Let him sing the Soviet National Anthem.
If you can, stand for it.
If not, it's cool.
But just let him sing.
Know who let him sing?
No one let the guy sing.
The fans would boo relentlessly, which was alright.
It was expected.
But what about the announcers?
What right did Gorilla Monsoon have to critique this proud countryman's singing as he honored his homeland prior to competing?
Volkoff would be two lines in and Monsoon would say, "Brain, is this guy for real?"
Even the sound guy would start playing Nik's opponent's theme music during it sometimes. Talk about disrespect.
Know how we know he never made it all the way through?
Because I found a video of him actually doing it.
Rarely, if ever, did we get it all.
At the end of the day, the dude liked singing and the Soviet Union.
Let him sing.
Think of it as a variety show.
He just enjoys it.
As he does here at something titled "Page's Stag":
Now let's hear Hacksaw Jim Duggan sing America The Beautiful.
Judge not Nikolai's singing lest we be judged ourselves. The poor guy just wanted to entertain you.
CM Punk (2011)
CM Punk is a role model.
He doesn't drink, smoke, do drugs, or any of those other vices that Sean O'Haire warned you about.
Not only that, but the former World Champion has made his mission to help others.
During his time on Smackdown, Punk mentored Serena and Luke Gallows.
He gave them sobriety, TV time, and free haircuts.
While all this was going on, Wade Barrett, the winner of NXT Season One, tried to emulate him.
He took the other NXT hopefuls under his wing and attempted to take down the WWE Champion John Cena.
The only problem was that Wade didn't have the experience Punk had.
He didn't know how to organize his group and as time went on, Cena ended up getting the better hand.
Once Barrett was vanquished, CM stepped up.
Following John Cena's brutal beating of Wade, Punk emerged to do the same to him.
Swinging a chair to make his point, CM smashed WWE's Golden Boy - a role that the evil Mr. McMahon was jeered for hoping to have in 1998 - and took over as leader of the group.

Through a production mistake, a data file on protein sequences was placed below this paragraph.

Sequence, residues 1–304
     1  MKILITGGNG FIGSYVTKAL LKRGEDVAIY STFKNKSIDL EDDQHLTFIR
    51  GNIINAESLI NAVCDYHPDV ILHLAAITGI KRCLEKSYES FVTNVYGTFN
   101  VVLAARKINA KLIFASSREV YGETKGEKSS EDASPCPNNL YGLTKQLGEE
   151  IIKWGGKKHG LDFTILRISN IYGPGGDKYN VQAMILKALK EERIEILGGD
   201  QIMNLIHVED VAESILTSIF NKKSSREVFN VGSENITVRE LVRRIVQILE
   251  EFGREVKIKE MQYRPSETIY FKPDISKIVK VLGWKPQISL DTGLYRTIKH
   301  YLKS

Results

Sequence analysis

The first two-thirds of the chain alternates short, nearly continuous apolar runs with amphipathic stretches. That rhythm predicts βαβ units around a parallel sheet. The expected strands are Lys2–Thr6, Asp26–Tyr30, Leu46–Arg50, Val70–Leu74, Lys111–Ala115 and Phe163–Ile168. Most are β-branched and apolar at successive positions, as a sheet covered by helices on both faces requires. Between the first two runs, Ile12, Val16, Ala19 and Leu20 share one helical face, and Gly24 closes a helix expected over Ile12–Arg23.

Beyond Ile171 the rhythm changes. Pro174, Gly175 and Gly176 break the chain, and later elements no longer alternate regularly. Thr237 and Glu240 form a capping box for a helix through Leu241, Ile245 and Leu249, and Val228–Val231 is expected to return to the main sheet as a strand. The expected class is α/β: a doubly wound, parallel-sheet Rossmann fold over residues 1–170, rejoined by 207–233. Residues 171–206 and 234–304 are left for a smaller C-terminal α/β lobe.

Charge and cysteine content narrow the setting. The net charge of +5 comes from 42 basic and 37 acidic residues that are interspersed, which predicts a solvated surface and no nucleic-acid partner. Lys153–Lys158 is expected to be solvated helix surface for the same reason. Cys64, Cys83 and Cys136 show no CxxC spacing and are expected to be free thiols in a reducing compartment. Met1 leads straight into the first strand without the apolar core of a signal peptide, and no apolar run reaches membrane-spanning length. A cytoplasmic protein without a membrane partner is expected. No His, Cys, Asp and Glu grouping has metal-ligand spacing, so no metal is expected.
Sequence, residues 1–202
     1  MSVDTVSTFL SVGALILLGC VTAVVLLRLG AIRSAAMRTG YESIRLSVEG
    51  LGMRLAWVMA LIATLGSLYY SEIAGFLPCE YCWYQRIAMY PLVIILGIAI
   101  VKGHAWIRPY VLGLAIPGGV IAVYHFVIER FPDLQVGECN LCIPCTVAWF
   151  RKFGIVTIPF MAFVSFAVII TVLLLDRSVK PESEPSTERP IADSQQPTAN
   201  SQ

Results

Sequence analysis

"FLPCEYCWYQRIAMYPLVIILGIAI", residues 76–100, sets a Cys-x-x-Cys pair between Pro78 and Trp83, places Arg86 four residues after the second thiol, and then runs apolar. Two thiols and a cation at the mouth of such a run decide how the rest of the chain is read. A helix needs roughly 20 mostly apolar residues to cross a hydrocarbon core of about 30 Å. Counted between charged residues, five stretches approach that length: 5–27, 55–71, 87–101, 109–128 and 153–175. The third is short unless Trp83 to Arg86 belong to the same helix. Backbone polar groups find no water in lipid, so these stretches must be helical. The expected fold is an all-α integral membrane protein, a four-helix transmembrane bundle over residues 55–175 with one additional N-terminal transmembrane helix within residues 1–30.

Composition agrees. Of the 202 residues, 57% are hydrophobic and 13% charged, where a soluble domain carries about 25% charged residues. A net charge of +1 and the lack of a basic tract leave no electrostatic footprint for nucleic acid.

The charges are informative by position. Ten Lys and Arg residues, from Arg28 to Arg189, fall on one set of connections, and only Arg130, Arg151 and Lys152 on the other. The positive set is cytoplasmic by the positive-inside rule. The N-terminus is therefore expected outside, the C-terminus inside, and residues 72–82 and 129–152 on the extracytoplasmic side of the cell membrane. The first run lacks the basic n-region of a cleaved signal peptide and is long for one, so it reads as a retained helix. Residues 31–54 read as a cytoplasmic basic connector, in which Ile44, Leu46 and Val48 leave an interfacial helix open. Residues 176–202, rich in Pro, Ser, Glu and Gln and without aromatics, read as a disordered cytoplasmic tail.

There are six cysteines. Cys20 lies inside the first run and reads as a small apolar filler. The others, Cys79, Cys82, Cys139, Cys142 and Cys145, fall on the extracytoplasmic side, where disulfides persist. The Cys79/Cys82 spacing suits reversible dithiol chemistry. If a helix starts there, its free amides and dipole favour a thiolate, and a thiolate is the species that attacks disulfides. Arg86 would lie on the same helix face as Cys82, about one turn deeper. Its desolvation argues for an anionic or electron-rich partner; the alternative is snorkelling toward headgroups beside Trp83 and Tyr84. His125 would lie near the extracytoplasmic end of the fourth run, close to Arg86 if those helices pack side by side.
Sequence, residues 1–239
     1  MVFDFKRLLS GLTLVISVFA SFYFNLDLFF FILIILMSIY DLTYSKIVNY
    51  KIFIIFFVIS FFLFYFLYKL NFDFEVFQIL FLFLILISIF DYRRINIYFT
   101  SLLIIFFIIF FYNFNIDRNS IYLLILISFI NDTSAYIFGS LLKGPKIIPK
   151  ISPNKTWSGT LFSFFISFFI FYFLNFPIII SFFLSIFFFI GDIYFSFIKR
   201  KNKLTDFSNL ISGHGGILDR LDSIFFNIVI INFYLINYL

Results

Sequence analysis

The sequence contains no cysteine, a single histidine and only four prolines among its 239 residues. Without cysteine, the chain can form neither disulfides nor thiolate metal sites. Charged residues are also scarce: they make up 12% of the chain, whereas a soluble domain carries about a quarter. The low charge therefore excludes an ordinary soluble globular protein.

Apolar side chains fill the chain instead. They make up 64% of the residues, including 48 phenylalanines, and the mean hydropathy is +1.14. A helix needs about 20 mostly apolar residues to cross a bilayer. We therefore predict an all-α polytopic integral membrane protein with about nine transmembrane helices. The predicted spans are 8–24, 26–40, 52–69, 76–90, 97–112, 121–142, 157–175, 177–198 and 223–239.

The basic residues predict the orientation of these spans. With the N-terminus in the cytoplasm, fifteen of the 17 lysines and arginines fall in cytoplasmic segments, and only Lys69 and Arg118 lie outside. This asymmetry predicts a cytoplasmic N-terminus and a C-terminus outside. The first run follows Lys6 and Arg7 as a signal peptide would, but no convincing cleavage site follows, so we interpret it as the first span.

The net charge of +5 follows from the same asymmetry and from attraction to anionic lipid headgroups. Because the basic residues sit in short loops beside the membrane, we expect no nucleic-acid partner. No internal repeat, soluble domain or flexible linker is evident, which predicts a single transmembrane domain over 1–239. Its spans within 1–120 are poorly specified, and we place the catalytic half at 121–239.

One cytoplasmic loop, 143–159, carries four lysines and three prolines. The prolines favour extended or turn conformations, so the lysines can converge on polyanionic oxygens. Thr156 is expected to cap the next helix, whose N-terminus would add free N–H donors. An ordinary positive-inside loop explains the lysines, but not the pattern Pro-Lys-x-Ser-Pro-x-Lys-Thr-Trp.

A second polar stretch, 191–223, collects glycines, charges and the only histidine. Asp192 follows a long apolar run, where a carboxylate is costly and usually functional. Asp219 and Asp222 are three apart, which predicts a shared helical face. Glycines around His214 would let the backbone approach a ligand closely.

His first official act was to make each man earn his spot in the group through a series of tests.
They all passed except for two - Heath Slater and Justin Gabriel.
The two were instructed to beat each other with sticks.
When they refused, Punk stepped back and offered them the opportunity to swing at him.
Surprised, they both dropped their weapons and walked away.
If the sign of a true leader was one willing to do what he asked others to, then CM Punk proved that's what he was.
Add to that the fact that he mentored the original Nexus outcast Darren Young - so he know what a weirdo he is too - and they have something to bond over.
So, in all of this, CM Punk is the bad guy.
The benevolent leader of the new Nexus, complete with a stable of young stars learning each day, preaches to all of us how we can exist without dangerous vices yet we still boo.
He's a satchel of presents shy of being Santa Claus in WWE, yet we all condemn him for it.
Maybe he is better than all of us after all.
The Four Horsemen (1989)
I don't know who taught Sting about wrestling alliances, but he has the idea all wrong.
In 1989, the Stinger became a member of the fabled Four Horsemen group.
Alongside Ric Flair, Ole "Infamous Interview" Anderson, and Double A Arn Anderson, Sting finally joined the mean boys and did his best to lead them right.
At the time, Flair was World Champion and the facepainted hero from Venice Beach was hungry for gold.
So hungry, in fact, that when he was given a title shot against Ric, he chose to keep it.
It was a stable faux pas. So, the quartet came to the ring and had a pow-wow on television about it for all to see.
Ole gave the Stinger his thoughts on the situation including a history lesson of how we had all gotten to the point we were at.
Anderson explained that the day he signed on to face Ric Flair was the day that Sting signed his death warrant.
He made one last attempt to get the contender to relinquish his shot or else there would be dire consequences. Again, the eager challenger refused.
So then what?
These new buddies of his - all lead by Ric Flair - were supposed to stand by and watch him challenge the leader for his title?
Did he not understand that part of his membership to the group included - I don't know - not fighting other people in it?
Did he think that Arn Anderson didn't get a title shot at Flair all those years was because he just couldn't rise up the top ten contendership ladder in the past half-decade?
He didn't challenge the leader of his group because they're in the same group. What possible benefit would this alliance have for Flair if the people in it could challenge him whenever they wanted? What would be the point? Get with the program, Sting.